26 May 2015
" The investor community increasingly expects those they invest with to have environmental, social and corporate governance issues top of mind."
Katharine Tapley & Catherine Bremner, Director, Sustainable Finance Solutions & Head of Sustainable Finance Solutions at ANZ
Still a comparatively young and small class of investment, the "green bond" market is one of the fastest growing in the world and is gaining momentum in the wake of the Paris climate agreement struck in late 2015.
Issuance reached $US42 billion by the end of 2015 and has good prospects for near doubling during 2016. Most issuance has occurred in the US and Europe but increasingly markets in Asia are gaining momentum. Since mid-2015, $US5.5 billion has been issued in China and in India.
In Australia, in just 18 months we have seen $A1.8 billion of local issuance across four transactions and a €300m issuance by a local corporate. We believe there is significant, multi-billion dollar opportunity for further growth across markets such as commercial property, transportation and renewable energy.
For example, our research shows a significant pool of eligible green-bond assets in the commercial property market across Australian capital cities – we have conservatively estimated this to be just over $A40 billion. Around another $A40 billion is potentially available with rail assets.
Green bonds are bonds where the proceeds are applied to existing or proposed environmentally friendly assets or expenditure which aim to address key areas of concern such as climate change, natural resource depletion, biodiversity conservation or pollution.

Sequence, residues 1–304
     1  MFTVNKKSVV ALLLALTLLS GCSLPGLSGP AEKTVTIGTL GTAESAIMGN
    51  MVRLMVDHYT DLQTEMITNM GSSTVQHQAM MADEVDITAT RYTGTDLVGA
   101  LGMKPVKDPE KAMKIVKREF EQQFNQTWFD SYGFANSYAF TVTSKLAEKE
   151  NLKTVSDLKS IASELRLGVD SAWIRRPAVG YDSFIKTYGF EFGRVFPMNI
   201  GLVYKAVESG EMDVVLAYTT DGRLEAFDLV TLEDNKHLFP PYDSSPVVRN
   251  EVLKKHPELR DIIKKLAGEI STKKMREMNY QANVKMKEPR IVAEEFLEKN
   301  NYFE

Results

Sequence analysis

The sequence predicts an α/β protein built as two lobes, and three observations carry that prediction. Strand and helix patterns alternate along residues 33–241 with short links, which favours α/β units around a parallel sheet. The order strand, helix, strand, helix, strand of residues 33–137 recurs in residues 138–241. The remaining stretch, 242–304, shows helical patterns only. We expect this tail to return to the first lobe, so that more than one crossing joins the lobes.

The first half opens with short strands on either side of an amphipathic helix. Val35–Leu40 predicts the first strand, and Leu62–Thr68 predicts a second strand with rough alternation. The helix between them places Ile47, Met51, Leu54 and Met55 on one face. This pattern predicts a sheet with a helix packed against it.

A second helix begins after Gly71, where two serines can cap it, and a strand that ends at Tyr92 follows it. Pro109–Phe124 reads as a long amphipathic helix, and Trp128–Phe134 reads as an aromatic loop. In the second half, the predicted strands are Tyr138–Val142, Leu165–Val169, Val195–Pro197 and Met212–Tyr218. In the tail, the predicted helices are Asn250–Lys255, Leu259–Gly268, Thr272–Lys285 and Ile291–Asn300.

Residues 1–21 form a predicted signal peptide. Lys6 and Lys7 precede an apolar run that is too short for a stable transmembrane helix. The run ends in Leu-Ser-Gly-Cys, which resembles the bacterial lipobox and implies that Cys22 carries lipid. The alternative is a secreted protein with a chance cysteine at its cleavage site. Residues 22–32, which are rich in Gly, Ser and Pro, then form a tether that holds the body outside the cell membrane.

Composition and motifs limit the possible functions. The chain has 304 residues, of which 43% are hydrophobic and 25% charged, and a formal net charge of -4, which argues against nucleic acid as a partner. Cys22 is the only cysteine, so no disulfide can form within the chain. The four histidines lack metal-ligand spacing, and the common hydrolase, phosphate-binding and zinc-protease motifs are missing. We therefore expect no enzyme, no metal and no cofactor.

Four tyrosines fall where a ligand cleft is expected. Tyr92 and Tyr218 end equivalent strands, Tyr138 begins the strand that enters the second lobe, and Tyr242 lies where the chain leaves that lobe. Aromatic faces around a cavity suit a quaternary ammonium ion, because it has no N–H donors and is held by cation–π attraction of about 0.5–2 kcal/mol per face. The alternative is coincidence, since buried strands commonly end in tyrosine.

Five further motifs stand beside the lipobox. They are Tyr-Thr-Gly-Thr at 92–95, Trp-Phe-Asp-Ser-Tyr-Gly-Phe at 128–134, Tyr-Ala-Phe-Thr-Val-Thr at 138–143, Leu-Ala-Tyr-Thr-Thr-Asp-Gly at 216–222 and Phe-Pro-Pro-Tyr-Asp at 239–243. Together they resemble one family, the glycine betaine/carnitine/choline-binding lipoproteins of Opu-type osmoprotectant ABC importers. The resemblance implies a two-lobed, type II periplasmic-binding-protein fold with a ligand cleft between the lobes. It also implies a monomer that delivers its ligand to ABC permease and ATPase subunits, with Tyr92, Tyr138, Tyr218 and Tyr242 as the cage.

The Green Bond Principals and the Climate Bond Initiative Standards both provide sound frameworks for qualifying such assets or expenditure for green bond issuance.
Green bonds are of strategic value for issuers and investors looking to improve their environmental credentials. In particular, the investor community increasingly expects those they invest with to have environmental, social and corporate governance issues top of mind.
This is occurring even where investors don't have explicit green mandates. As a result, we see interest in green bonds coming from companies where there is strong alignment between sustainability and treasury teams driven by strategy emanating from the C-Suite.
Our conservative estimate of $A40 billion of potential green bond property assets in Australia was made using NABERS data together with the Climate Bond Initiative criteria for buildings, under which a building must demonstrate top 15 per cent percentile performance relative to the C02 emission intensity of all buildings in its location.
In Sydney 130 properties meet these requirements, while in Melbourne 40 properties meet the requirements.
We believe rail infrastructure in Australia is also fertile ground for green bonds. Looking at just the public current pipeline of infrastructure projects alone, data suggests the value rail infrastructure assets could potentially be refinanced into the green bond market is just under $A40 billion.
All hybrid and electric vehicles automatically qualify for green bond inclusion, while non-electric assets are judged on a global-emissions basis. Public transport, dedicated freight railway lines and supporting infrastructure also qualify. Excluded is fossil-fuel related transport infrastructure.
The third sector we believe has further possibility, and which is already popular in green bond markets, is renewable energy. Our research into pipeline assets alone shows $A10 billion to $15 billion in large-scale and $A30 billion in small-scale projects.
As momentum continues to grow globally around 2050 carbon emissions targets, our view is the green bond market will likewise continue to expand.
We believe issuers and investors in Australia are as equally well-placed to drive and participate in this market.
Katharine Tapley is Director, Sustainable Finance Solutions at ANZ & Catherine Bremner is Head of Sustainable Finance Solutions at ANZ.
The views and opinions expressed in this communication are those of the author and may not necessarily state or reflect those of ANZ.
26 May 2015
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